Schoenberg is my teacher. I am immensely thankful to him, for he has done very much for me. I consider him as the greatest modern bourgeois composer. If the bourgeoisie does not care for his music, I can only regret this fact, for they have no better composer. Schoenberg’s music does not sound beautiful to the uninitiated listener, because he mirrors the capitalist world exactly as it is, without beautifying it, and because out of his work arises the visage of capitalism, staring us directly in the face. Because he is a genius and a complete master of technique, this visage is revealed so clearly that many are frightened by it. Schoenberg, however, has performed a tremendous historical service, in that the concert halls of the bourgeoisie, when his music is heard there, are no longer charming and agreeable pleasure resorts where one is moved by one’s own beauty, but rather places where one is forced to think about the chaos and ugliness of the world, or else, to turn one’s face away.
Schoenberg has performed another great service, as the teacher of generations of young composers. For a very long time yet, will one be able to learn from his works, even when they will no longer be listened to for enjoyment. In another domain, Einstein’s theories, although they are of no practical use in the immediate present, are historically of great significance. So with Schoenberg: for the past forty years his versatility has been of such significance that we who do not share but reject his political opinions, can admire him as an artist. It is, as Marx puts it: “No matter what he thinks about his own Situation, or what his views are the important thing to study is his actual work, that which he has concretely done.” (A rough translation)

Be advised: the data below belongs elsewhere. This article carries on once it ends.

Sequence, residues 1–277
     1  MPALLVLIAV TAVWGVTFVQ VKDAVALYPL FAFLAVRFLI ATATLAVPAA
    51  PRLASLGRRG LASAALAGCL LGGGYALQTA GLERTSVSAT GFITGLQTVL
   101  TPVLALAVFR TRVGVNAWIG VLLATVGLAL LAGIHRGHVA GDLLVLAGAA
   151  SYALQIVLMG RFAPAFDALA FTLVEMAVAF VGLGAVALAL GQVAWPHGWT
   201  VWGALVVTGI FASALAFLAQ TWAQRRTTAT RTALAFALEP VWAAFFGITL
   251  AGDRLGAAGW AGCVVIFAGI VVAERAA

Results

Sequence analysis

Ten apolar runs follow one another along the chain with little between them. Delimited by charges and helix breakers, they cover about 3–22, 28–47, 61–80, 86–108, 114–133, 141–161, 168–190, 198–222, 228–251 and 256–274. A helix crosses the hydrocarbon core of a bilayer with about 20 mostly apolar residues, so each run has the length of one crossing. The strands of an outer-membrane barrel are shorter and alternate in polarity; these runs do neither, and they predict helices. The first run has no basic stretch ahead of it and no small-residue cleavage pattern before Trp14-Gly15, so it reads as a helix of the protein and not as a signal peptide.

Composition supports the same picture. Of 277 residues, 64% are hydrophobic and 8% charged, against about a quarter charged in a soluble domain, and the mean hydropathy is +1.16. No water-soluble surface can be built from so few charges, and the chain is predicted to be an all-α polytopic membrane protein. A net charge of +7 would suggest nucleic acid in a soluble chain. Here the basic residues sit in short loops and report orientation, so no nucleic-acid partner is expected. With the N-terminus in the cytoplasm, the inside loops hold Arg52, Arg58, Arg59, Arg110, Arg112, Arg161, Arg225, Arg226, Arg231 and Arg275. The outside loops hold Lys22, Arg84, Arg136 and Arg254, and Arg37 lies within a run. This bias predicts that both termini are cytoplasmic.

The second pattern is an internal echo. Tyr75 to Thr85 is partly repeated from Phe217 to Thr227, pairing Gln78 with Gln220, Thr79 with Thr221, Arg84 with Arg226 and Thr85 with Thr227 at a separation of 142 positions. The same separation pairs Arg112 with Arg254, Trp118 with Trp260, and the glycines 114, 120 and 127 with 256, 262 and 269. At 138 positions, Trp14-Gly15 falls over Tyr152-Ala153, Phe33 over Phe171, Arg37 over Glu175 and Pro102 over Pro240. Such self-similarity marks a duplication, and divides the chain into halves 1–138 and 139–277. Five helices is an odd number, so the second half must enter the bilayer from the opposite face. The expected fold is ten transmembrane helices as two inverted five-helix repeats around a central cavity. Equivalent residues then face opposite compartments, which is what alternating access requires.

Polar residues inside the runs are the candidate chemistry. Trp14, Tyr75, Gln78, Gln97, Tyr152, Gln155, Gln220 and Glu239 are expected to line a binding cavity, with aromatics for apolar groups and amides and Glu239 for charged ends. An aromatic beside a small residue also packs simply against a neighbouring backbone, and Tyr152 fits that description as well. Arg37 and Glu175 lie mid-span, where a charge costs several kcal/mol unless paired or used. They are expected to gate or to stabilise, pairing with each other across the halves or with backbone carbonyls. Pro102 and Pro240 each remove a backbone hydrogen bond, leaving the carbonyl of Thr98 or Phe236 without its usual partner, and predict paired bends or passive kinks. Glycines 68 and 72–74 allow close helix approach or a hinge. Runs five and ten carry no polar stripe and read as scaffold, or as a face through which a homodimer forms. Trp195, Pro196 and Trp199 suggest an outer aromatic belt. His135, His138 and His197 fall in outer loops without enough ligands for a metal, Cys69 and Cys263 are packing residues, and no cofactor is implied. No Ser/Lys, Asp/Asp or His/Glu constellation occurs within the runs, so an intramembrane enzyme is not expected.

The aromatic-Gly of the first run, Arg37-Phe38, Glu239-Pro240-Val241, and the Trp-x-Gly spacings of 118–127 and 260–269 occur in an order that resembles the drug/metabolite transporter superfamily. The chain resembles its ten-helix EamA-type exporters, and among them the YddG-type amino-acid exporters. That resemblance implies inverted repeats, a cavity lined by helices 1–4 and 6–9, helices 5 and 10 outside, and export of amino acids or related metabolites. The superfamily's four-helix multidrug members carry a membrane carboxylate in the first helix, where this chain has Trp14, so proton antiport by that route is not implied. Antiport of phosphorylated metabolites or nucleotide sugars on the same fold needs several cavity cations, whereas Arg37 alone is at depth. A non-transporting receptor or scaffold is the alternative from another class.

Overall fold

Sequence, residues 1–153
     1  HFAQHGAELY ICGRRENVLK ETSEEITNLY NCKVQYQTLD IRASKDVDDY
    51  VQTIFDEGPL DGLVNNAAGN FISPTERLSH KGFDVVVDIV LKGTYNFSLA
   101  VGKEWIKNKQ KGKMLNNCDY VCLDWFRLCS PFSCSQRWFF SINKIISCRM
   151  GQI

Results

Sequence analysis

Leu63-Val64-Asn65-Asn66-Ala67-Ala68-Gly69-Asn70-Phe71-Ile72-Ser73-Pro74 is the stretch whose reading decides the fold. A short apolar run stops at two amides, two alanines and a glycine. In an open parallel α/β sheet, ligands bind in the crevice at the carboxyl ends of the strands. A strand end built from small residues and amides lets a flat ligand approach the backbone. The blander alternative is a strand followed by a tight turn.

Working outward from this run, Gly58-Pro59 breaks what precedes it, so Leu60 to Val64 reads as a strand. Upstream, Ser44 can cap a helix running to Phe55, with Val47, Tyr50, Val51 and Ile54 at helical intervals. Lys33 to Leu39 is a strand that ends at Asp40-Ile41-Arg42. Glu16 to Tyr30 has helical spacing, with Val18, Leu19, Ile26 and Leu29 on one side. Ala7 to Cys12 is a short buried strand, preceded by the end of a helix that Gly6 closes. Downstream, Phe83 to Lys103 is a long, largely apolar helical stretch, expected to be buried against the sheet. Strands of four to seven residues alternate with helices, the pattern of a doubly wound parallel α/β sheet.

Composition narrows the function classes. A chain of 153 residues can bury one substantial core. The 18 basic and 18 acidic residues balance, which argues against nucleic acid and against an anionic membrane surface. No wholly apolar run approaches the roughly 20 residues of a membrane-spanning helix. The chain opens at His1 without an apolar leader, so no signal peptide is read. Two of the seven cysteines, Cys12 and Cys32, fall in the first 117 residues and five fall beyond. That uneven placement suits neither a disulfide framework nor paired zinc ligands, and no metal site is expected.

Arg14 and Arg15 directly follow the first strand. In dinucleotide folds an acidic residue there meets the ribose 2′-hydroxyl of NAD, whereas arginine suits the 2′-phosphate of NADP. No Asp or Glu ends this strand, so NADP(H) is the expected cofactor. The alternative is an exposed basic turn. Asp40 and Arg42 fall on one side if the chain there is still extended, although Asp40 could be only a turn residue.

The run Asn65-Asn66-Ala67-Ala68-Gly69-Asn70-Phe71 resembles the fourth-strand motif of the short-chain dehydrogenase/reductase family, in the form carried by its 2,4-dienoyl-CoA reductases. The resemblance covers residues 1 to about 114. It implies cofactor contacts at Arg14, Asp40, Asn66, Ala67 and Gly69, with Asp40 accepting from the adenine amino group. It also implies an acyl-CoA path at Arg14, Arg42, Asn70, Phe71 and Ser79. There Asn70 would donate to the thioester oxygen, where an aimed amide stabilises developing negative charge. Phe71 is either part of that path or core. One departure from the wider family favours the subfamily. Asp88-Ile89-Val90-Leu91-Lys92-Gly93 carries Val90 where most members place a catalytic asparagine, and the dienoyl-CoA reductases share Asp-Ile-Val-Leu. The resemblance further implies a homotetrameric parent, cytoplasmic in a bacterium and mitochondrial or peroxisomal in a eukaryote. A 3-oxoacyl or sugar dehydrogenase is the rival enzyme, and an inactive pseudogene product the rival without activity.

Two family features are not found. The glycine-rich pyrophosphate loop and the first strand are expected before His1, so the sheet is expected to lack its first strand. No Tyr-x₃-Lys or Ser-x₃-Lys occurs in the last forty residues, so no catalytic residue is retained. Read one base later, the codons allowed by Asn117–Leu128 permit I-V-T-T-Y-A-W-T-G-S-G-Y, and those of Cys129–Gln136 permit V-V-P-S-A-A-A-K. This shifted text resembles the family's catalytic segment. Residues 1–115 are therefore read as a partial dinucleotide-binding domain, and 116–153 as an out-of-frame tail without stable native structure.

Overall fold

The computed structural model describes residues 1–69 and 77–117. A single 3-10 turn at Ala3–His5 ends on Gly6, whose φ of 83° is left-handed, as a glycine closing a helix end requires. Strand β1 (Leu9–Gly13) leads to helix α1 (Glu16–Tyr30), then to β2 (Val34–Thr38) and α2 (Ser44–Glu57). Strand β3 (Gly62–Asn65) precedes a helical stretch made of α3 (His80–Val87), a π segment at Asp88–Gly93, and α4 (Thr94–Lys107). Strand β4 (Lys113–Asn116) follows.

Therefore we can say that Schoenberg’s production is, historically, the most valuable production of all modern music. Young composers, and above all, young proletarian composers, must not listen to and copy him uncritically, but they must have the strength to differentiate the content of his work from the method, the meaning from the technique.
That this man, sixty years old, and no longer in good health, after a life full of the severest privations undergone for the sake of his art, should be driven homeless thruout the world, is one of the most frightful shames of capitalism in the sphere of culture today.
Finally, I wish to add: from him one will always learn, when other composers who are today fashionable, will have been long forgotten.

New Masses, New York (November 26, 1935), 18f.